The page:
The latest addition to my website is Ulrike Almut Sandig‘s Monster wie wir (Monsters Like Us). The novel is narrated by Ruth, now a successful violinist to her almost invisible (in this novel) Finnish boyfriend Voitto. Ruth grew up in East Germany where she met Viktor at school and the two became friends. However, they have one other thing in common – both were sexually abused, Ruth by her grandfather and Viktor by his half-sister’s husband. They briefly talk about it but if you don’t talk about it, then it hasn’t really happened. That’s right isn’t it?. After the fall of Communism, Ruth gets on with her musical career while Viktor becomes a right-wing thug and then, improbably, an au pair in France where he recognises that the boy in his care is also a victim of sexual abuse and takes appropriate action. While the sexual abuse theme is key, we learn a lot about life in East Germany, from the founding to the fall and afterwards.

Hiroko Oyamada: 工場 (The Factory)

The latest addition to my website is Hiroko Oyamada‘s 工場 (The Factory)>. We follow the stories of three employees as they go to work at the Factory and are still there, in the same jobs, fifteen years later. Their jobs seem mundane – one shreds documents one proofreads and one is meant to be developing moss for green-roofing the factory. But why is a sophisticated factory using humans to shred? What is being proofread and for whom? And why has the moss man made no progress in fifteen years? What does the factory produce? We have no idea. Why does Goto seem to manage everything? And what are the strange animals seemingly only found on the Factory site? Oyamada tells a strange tale of a seemingly normal working environment which is perhaps not entirely normal.

Rachael McGill: Fair Trade Heroin

The latest addition to my website is Rachael McGill‘s Fair Trade Heroin. Gwen is an aid worker in Afghanistan in the 1990s, just as the Taliban are taking over. While other aid agencies are moving out, Gwen wants to help the people of a village and, in particular, the women, by offering them alternative employment to the opium poppy trade. As the Taliban move in and she tries to set up a handicrafts school and then a way for them to sell their opium by cutting the middlemen, i.e. the drug warlords. Things do not go well when the Taliban march in and Gwen is dragged out of the country and to safety by Roshan, who works for her aid agency, but not before a quick fling with Syed, one of the drug dealers. Back in the UK, sixteen years later, Nadia, the result of her fling, is now fifteen and mother and daughter clash. When Gwen, working for a charity that helps immigrants, learns that Roshan is in the UK (illegally) and is involved in a drug deal gone wrong, inadvertently witnessed by Nadia, can she help?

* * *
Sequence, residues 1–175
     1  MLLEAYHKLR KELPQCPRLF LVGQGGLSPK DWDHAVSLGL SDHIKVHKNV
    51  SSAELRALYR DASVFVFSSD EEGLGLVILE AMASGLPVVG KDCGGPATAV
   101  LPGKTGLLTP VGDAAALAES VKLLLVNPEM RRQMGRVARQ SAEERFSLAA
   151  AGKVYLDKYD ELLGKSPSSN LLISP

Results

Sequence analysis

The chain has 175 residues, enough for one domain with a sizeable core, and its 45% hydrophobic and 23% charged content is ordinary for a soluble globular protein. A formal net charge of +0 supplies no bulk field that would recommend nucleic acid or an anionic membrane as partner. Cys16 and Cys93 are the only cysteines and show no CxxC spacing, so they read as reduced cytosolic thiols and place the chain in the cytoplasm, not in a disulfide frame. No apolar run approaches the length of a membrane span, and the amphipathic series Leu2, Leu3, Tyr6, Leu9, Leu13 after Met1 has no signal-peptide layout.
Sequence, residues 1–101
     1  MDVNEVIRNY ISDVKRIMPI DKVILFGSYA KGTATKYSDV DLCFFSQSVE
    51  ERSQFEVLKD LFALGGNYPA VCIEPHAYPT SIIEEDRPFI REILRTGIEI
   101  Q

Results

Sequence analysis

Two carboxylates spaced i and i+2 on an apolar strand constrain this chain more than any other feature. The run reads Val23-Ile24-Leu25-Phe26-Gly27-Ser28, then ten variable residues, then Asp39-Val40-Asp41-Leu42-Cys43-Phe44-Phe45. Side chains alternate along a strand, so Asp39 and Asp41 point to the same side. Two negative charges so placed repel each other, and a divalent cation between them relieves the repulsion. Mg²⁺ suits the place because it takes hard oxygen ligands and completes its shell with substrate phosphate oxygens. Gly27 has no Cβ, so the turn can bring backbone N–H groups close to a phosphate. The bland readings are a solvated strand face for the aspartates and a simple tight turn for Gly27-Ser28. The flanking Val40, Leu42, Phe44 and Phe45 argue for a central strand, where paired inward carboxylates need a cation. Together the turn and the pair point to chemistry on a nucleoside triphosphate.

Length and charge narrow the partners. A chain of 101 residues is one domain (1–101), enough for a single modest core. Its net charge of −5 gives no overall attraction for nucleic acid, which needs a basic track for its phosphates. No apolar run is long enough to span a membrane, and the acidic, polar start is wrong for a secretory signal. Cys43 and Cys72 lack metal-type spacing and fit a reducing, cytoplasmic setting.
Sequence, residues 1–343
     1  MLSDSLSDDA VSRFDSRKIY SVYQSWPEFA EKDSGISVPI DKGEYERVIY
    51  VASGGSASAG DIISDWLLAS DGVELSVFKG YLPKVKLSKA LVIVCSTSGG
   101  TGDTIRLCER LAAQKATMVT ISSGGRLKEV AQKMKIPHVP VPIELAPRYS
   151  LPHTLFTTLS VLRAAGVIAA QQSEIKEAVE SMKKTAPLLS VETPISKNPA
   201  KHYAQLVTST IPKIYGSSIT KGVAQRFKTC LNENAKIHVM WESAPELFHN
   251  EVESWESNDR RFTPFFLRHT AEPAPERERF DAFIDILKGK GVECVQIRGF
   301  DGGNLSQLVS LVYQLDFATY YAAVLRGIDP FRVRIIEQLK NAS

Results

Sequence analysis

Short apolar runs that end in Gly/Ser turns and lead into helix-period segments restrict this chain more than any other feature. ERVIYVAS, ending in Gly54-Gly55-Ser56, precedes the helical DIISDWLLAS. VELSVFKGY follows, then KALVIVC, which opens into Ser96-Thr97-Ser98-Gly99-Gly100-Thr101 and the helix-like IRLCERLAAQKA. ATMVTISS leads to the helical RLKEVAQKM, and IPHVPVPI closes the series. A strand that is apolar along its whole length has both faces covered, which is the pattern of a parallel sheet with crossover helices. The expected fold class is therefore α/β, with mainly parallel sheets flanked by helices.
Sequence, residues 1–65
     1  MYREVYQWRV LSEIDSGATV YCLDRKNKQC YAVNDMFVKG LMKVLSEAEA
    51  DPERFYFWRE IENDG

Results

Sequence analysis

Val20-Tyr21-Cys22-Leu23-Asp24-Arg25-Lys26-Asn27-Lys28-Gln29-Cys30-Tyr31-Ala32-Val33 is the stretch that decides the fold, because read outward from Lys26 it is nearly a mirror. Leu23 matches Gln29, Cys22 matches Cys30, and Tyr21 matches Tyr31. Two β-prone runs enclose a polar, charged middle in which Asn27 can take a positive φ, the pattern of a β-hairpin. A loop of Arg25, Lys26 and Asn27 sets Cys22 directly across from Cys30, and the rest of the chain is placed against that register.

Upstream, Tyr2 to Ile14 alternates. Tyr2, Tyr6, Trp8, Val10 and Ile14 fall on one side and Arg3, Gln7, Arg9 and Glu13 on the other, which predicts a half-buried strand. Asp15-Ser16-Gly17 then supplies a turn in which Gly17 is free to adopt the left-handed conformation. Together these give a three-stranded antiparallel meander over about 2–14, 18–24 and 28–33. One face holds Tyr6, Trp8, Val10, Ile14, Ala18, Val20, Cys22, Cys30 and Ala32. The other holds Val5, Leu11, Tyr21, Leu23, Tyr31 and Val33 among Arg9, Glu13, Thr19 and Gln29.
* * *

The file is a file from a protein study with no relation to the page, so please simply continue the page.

Najwa Barakat: مستر نون (Mister N)

The latest addition to my website is Najwa Barakat‘s مستر نون (Mister N). Mister N is a failed Lebanese writer who currently lives in a hotel, rarely leaving it. We gradually learn his story – horrors of the Lebanese Civil War, a mother he hated as she much preferred his older brother, Sa’id, now a successful businessman and a father who was a doctor, helping the poor and whom Mr N saw die. He has had two long-term relationships – the first dumped him and the second was with a Nepali prostitute whose pimp did not take kindly to him. One day he does leave the hotel (looking for a spare part for his toilet) and comes across Luhman. Luhman was a Civil War thug and murderer who died. More importantly, he was fictitious , a character in one of Mr. N’s books. Luhman keeps reappearing, his neighbours have serious mental health issues and he himself is increasingly unable to cope with life, language and people. Gradually we learn of his past and how he ended up in this hotel and who he and Luhman might really be. It is a splendid, complicated, colourful book.

Montserrat Roig: Ramona, adéu! (Goodbye, Ramona)

The latest addition to my website is Montserrat Roig‘s Ramona, adéu! (Goodbye, Ramona). The novel tells the story of three women, all called Ramona, from three successive generations. Ramona 1 lives in the late nineteenth/early twentieth century and feels her life as a wife and mother is boring. She almost has an affair to liven things up. Ramona 2 had an affair before marriage but it did not work out and now she is married to Francisco. She is very concerned when she thinks he might have been killed in a terrorist attack in Barcelona during the Spanish Civil War but, later, she is not happy in her marriage. Ramona 3, living in the 60s, is more liberated but she has man trouble with her boyfriend Jordi and, like her forebears, feels patronised and unhappy with her family, with Barcelona and with her life. Roig makes her point clearly, that women in Catalonia (and obviously elsewhere) were expected to follow the marriage-motherhood path and do little else, even though they would have liked to have a more fulfilling life.